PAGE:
Heat map illustrates what users do when they are presented with a visual content. A heat map is usually constructed using eye-movement tracking equipment, but in case of a web site, heat map is usually created based on where users click. This article explains what heap map is, how heat map is used, and how you can get one for your web site.
What is heat map
A heat map is a graphical representation of data points in a two-dimensional area. Each data point has its coordinate X value and its coordinate Y value. The X and Y values determine where a data point is located in a plane. The density of points in a plane is represented on a heat map by colors.
Heat map originated in marketing where researchers used so-called pupil tracking equipment (or also eye-movement tracking equipment) to identify and map exactly where people look when they are presented with visual information. Heat map can provide useful information not only in marketing, but in web development as well. Web heat map is used for displaying areas of a web page that are most frequently scanned by visitors' eyes. A heat map can help you improve how much money you make with AdSense (See here for our Make money with AdSense guide for more tips related to this topic.).
When do I need heat map?
Certain locations within a web page tend to be more successful than others, and a heat map can discover which those are. When you have many thousands of visitors, but a low conversion rate, it is possible that your ad placement is not correct. A web page heat map is the tool that can help you to improve your AdSense earnings. (See here for more details about AdSense revenue: AdSense revenue.)
Heat map sample
Below you can find a few examples of heat map.
The colored spots demonstrate how many users viewed or clicked sections of the web page. The following is a guide to the colors.
|Blues||less than 40%|
You can see that a heat map is not the same for all web sites. Heat map varies by content. Nevertheless, you can also see that heat maps have something in common. Most visitors emphasize the left side of the screen above the fold.
Google heat map
Google provides sort of a heat map in their AdSense section (https://www.google.com/adsense/support/bin/answer.py?hl=en&answer=17954). They describe the heat map as an illustration of ideal placements for content and AdSense ad units on a sample page layout. The Google heat map displays sections in colors from white to dark orange (or red) where dark orange (or red) represents strongest performance and white means the weakest performance.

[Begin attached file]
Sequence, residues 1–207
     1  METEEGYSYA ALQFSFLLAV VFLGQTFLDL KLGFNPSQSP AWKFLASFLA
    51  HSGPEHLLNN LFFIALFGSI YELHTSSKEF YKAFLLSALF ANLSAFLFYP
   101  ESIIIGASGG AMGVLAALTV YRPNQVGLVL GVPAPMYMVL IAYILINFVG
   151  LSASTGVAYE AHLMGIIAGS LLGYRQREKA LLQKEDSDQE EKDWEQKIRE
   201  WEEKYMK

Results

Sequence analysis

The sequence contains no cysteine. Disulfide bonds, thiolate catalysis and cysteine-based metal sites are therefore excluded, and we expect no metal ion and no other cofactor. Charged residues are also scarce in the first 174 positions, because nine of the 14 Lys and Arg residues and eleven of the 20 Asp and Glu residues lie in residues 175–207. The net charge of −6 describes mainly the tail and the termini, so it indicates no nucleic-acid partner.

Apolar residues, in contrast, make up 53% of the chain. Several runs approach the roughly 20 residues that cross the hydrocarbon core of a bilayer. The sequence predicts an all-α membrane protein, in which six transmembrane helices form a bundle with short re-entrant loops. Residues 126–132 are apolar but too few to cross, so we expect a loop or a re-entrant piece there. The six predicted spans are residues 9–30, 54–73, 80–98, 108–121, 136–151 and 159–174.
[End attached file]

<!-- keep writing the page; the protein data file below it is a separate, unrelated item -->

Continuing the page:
You can see that a heat map is not the same for a general-single-article type web site and for a discussion forum and a blog. Each format has its specifics and visitors behave differently. However, all three heat maps provided above have something in common: all three heat maps integrate ads into or place ads as close as possible to the content.
Heat map in Google Analytics
You can find functionality called Site Overlay in your Google Analytics account. Although this functionality is not as nice graphical representation of heat map as shown above, you can still use it for your purpose.
provides heat map like this
It is not quite like the heat map provided earlier on the page, but it can provide a lot of useful information.
Where can I get real heap map of my web site
Now, let's see how you use heat map.
How do I use heat map
Most of your web site activity occurs in the heat map primary zone as shown in the attached pictures. It means that if you want to improve your conversion rates (e.g. Click-Through-Rate), you need to plan your web site design and layout very carefully. You have to answer the following questions with respect to your heat map:
- What do I place into each section of the heat map to maximize my conversion rates? Should I place an ad into the primary zone, or an article that points to an ad?
- What conversion techniques should I consider for my heat map primary zones? Should I use some "register" functionality, or "download" link, or a click-through ad unit, or anything else?
Different web sites work differently, and you most likely will have to experiment with this. Nevertheless, in general and all other things being equal,
- ads located above the fold tend to perform better than those below the fold,
- ads placed near rich content and navigational aids usually perform well because visitors are focused on those areas of a page,
- ads placed directly below the end of an article tend to perform very well because users look for more resources after being done reading the article, and targeted ads can provide answers for them.
Making changes in the placement of your ads can make a great difference in your conversion rates and your AdSense earnings as well (See AdSense earnings sample from one very successful web site).
Other articles related to heat map
In addition to heat map, you might be interested in the following articles that also relate to web development and monetization.
Avoid pagerank sculpting and increase your AdSense revenue
AdSense bid gap
How to find cheap AdWords keywords
How to increase Google crawl rate
How to add URL to Google
Your Sitemap does not appear to be in a supported format
You are also welcome to check out the resources below, for example our SEO discussion forum.